Last week’s blog discussed the ways in which business owners could make small changes to their workplace in order to counteract the spread of germs and bacteria, to prevent members of staff from getting unwell. As a result, it also alarmingly drew attention to the fact that one third of adults do not wash their hands after going to the toilet- and this is men and women equally, no gender is innocent!
The importance of washing hands during the day, including after using the toilet, cannot be understated. However, with the advancements in hand washing products and soaps, it’s sometimes hard to know which product to choose for your organisation or home. Additionally, hand sanitising solutions have become increasingly popular in recent years. This has developed to such as an extent, that now when you’re visiting someone in hospital, they expect you to sanitise your hands before you enter your ward. So, hand washing with soap and water, or regular use of hand sanitising solutions- which is the best way?
In this month’s Cleaning and Maintenance magazine, an interview with Richard Millard, senior segment marketing manager at Kimberly- Clark Professional, discussed this issue. As Kimberly-Clark are one of the most high-profile suppliers of cleaning products in the industry, it’s safe to say that the recommendations of Richard Millard are worthy of note. The below comments are based on his comments in this interview.
It is safe to say that hand washing and hand sanitisers both have their place in the daily hand cleaning routine. Soap and water is probably the most common, and readily-available method of hand washing in the workplace and in the home; it’s the method that we’re all familiar with. If the hands are washed thoroughly using this method, with an antibacterial soap, then any germs and bacteria can be removed from the hands completely.
There are also occasions when the opposite is true, and that there are no hand washing facilities, soap or water available to you. Regular festival-goers will know the water facilities, and general cleanliness at these places is at an all-time low- even if it is just for a weekend. There, a quick and generous dab of hand-sanitiser is the best wash you’d get for the duration of the festival, and the only hygienic option available to you.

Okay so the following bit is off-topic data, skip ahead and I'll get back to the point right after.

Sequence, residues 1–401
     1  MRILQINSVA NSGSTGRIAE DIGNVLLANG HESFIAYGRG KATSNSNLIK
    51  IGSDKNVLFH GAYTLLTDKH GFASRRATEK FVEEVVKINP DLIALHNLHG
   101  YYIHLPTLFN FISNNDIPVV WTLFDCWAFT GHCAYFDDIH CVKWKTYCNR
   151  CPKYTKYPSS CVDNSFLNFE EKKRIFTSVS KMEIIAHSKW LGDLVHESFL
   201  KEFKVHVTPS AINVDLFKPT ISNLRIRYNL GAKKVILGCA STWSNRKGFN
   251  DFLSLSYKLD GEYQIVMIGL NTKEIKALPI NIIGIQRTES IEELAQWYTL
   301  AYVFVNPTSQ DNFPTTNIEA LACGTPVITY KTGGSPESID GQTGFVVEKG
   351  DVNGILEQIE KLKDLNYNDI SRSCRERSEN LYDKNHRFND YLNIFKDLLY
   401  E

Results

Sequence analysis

It could also be argued that in areas where there are extremely high volumes of people in small spaces- typically public transport, smaller work spaces,nightclubs, bars and gyms, hand sanitiser is the most appropriate choice. It is because in these places, there is a likelihood that people’s hands will come into close contact, so sanitisers may be a sensible thing to consider here. This isn’t to suggest that everyone should become overly-concerned with selecting an appropriate hand-washing routine, but this is just something to consider at this time of year, flu and colds are particularly common, and easily passed around in these places.
The article suggested that on occasions such as these, hand sanitising solutions may be the most appropriate way forward. It does assert, however, that these products should ideally be used as an accompaniment to other methods, rather than a replacement; hand sanitisers will never be the preferred alternative to correct hand-washing. This is because sanitisers only clean the bacteria on the surface, and are not effective at destroying high levels of contamination.
It would be advised, and is practised in a number of industries and organisations, that if your workplace requires extremely high levels of hand hygiene, that a combination of both methods would be extremely effective. Washing the hands with antibacterial soap and very hot water, drying them with a disposable hand towel, and then sanitising the hands afterwards, will ensure that the bacteria is removed from the hands, and that any remaining will be killed. This is especially essential in areas such as hospitals or care homes, where a strictly-implemented hand washing routing can drastically effect patients’ welfare.
In the interview, Richard Millard does stress that in the workplace, the way to determine the correct hygiene policy, is by making an assessment of your site, and determining what may be the best option. What chemicals or products are being dealt with on a daily basis? Is there anyone who may be at risk if hand hygiene levels are not correct, and are there chances of contamination if this were to happen?
At Newlife Cleaning Systems, we ensure that our cleaning operatives and other members of staff, are fully up-to-date on the correct hygiene practices depending on the environment in which they work. We are responsible for the execution of a range of specialist cleaning services, which require that our levels of hygiene are nothing other than impeccable, and that is something we consistently strive to improve and maintain. For services such as hospital cleaning, or when we implement a kitchen deep clean, the entire process would be ruined, and could pose a great cost to our client, if correct hand hygiene procedures are not followed. For more information about how we make hygiene our number one priority, please don’t hesitate to contact us.